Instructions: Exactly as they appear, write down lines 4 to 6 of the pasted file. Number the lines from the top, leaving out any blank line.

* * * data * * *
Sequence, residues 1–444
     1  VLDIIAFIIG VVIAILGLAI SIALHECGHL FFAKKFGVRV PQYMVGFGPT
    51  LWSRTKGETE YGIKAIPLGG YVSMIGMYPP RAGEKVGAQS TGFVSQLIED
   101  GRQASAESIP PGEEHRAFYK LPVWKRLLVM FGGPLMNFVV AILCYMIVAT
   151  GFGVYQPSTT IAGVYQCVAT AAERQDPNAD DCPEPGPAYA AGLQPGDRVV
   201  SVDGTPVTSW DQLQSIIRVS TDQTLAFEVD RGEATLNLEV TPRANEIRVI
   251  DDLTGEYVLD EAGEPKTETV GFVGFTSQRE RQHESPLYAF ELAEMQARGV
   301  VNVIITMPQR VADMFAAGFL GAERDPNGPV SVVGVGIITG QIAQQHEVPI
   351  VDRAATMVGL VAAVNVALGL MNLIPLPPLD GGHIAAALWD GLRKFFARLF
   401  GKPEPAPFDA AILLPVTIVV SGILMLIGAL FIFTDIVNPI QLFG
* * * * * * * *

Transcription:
   101  GRQASAESIP PGEEHRAFYK LPVWKRLLVM FGGPLMNFVV AILCYMIVAT
   151  GFGVYQPSTT IAGVYQCVAT AAERQDPNAD DCPEPGPAYA AGLQPGDRVV
   201  SVDGTPVTSW DQLQSIIRVS TDQTLAFEVD RGEATLNLEV TPRANEIRVI